LONDON ART FAIR 2011 | TEXT-REPORT
LONDON ART FAIR
19 | 23 JANUARY 2011
Upper Street Events, 58 White Lion Street, Islington, London, N1 9PP
Text by Francesca di Fraia
This January 124 leading modern British and contemporary art galleries have come together the 23rd edition of the London Art Fair – the largest of its kind in the UK – at the Business Design Centre in Islington, North London. Every year an average of 20,000 visitors enjoy the work of over 1,000 leading artists ranging from modern British masters to the most recent contemporary talent. The works on show – and, of course, on sale – include paintings, sculptures, drawings, installations, photographs, videos, prints and multiples. The Fair attracts visitors with a passion for art, from experienced collectors to business dealers and those buying their first original canvas.
The seventh edition of Art Projects – a space for emerging artists and new works – this year spreads over two parallel areas hosting, for the first time, an interesting forum of international galleries.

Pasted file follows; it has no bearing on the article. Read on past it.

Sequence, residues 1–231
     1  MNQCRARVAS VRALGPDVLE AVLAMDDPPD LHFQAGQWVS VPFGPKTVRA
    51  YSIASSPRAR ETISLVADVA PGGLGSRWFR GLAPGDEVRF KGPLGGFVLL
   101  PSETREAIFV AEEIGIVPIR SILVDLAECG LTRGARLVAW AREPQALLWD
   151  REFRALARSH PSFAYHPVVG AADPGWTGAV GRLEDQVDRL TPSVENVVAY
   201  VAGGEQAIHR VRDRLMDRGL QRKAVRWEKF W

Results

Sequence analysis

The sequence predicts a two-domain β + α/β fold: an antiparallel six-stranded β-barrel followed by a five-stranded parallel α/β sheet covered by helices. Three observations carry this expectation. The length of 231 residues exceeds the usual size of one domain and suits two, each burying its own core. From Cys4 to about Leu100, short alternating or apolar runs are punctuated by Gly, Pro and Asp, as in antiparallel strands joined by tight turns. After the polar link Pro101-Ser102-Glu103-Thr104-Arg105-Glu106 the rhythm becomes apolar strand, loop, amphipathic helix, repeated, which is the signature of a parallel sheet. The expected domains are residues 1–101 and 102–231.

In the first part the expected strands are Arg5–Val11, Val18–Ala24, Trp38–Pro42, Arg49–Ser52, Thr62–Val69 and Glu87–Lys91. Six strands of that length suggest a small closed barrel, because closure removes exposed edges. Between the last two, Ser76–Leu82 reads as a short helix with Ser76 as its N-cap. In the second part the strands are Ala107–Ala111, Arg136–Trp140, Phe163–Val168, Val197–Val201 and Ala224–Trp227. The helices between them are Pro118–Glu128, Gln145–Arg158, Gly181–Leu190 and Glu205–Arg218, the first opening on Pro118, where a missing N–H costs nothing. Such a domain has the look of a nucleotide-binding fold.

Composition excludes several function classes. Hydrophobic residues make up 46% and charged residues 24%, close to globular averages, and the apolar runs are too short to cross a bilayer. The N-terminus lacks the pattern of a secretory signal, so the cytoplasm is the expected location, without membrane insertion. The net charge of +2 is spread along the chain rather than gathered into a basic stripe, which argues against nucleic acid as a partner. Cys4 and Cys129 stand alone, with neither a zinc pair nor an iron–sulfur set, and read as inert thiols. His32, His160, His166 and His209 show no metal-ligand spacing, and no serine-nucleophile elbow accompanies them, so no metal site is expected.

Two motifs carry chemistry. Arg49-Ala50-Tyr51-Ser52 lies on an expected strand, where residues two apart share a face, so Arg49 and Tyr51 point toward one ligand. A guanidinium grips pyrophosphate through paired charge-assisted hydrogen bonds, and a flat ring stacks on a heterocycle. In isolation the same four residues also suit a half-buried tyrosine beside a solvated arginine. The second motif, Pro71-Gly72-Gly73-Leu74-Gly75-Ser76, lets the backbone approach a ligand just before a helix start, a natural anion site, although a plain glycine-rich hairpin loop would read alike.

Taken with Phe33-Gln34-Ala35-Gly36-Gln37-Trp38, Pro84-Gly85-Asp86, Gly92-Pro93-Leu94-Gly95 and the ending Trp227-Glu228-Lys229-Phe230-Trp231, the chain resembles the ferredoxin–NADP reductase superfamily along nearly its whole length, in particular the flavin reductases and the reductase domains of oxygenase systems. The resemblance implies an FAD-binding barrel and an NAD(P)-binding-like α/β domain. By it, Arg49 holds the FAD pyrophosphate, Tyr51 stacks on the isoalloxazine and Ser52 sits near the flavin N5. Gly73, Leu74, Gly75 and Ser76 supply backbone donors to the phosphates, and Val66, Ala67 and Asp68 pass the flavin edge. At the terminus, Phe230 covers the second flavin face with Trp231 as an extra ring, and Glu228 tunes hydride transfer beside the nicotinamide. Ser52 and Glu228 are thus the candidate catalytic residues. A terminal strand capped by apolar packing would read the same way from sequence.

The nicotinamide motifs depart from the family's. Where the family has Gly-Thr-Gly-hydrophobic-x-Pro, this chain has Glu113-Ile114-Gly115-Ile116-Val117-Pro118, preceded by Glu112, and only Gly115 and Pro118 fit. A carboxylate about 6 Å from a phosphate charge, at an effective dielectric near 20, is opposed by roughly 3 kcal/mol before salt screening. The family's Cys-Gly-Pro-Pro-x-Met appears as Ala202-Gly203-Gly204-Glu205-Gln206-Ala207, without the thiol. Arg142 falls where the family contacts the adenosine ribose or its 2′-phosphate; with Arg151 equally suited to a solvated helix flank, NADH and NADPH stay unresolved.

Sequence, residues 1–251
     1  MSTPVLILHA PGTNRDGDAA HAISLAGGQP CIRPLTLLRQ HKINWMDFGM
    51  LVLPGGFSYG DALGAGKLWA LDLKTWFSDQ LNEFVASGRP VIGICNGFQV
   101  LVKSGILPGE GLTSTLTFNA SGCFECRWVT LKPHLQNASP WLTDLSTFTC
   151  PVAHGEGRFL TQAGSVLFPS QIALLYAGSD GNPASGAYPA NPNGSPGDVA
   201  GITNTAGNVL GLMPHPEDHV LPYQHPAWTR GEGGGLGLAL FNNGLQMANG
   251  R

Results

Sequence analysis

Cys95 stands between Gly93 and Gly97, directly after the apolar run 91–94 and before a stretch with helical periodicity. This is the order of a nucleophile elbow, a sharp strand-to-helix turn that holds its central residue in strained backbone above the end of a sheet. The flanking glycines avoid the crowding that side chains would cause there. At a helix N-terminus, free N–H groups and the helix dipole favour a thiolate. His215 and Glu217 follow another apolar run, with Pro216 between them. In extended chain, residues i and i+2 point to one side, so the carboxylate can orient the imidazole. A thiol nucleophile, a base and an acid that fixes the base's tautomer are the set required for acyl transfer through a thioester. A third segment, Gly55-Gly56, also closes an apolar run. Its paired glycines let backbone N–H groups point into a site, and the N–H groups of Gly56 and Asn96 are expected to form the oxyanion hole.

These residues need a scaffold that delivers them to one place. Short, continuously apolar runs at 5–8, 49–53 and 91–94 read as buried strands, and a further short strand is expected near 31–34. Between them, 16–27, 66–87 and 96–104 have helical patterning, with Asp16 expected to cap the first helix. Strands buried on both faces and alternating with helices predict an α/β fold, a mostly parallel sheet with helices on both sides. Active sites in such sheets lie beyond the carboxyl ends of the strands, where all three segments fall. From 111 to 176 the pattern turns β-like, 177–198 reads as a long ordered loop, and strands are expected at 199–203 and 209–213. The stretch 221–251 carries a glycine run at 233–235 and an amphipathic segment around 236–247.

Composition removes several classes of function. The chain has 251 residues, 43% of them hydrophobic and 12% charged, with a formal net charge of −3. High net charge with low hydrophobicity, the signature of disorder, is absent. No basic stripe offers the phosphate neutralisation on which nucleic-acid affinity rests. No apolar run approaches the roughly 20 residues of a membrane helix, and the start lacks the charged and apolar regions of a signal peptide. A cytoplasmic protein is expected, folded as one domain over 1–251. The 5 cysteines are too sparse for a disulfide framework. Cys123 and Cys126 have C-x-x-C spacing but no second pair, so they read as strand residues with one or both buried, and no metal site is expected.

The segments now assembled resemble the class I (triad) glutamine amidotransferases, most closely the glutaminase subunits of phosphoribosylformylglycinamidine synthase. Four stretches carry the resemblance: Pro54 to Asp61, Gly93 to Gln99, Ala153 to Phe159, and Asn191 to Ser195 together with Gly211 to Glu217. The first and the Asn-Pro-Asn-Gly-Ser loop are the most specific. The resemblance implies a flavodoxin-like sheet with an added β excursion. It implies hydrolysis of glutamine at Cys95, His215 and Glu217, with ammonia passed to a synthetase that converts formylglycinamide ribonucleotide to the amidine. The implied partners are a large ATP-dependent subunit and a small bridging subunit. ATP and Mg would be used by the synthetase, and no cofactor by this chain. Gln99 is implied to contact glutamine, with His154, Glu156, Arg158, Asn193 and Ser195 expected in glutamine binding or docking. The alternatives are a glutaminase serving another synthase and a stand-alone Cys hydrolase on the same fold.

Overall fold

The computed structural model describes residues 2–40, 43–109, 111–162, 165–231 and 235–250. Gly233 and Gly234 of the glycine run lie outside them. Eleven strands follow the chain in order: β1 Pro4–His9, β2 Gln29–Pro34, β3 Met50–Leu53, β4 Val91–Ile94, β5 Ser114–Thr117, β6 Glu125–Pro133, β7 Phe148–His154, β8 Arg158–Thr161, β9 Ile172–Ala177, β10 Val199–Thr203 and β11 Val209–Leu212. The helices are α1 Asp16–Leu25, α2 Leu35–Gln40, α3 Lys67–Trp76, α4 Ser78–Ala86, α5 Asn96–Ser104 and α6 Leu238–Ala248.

On the same level visitors can enjoy a curated showcase of contemporary photography, Photo50, featuring the work of nine artists that includes a broad range of approaches of contemporary photography.
While some of the visitors recognised a few pieces from last year’s show there also seem to be more “big names” on offer, such as Riley, Lowry, Hockney, Aitchinson, Emin and Blake.
The audience also commented on costs, which are slightly lower than last year and there seem to be less high value works. Prices actually range from £800 to £100,000.
A few popular themes recur throughout the show, showing how some British artists do share a common narrative in art. These themes are namely butterflies and collages as well as those Victorian glass cloches used to protect intricate flowery memorials, not to mention abstract work and landscape.
Although some of the works seem to lack originality and deliberately look back to devalued art models – Warhol and Lichtenstein, just to mention a couple – the atmosphere is full of excitement.
However, some of the British newspapers claim that London Art Fair should be more selective to escape the uncomfortable status of an art market place as such.
Francesca Di Fraia
Photos Luca Viola © 2011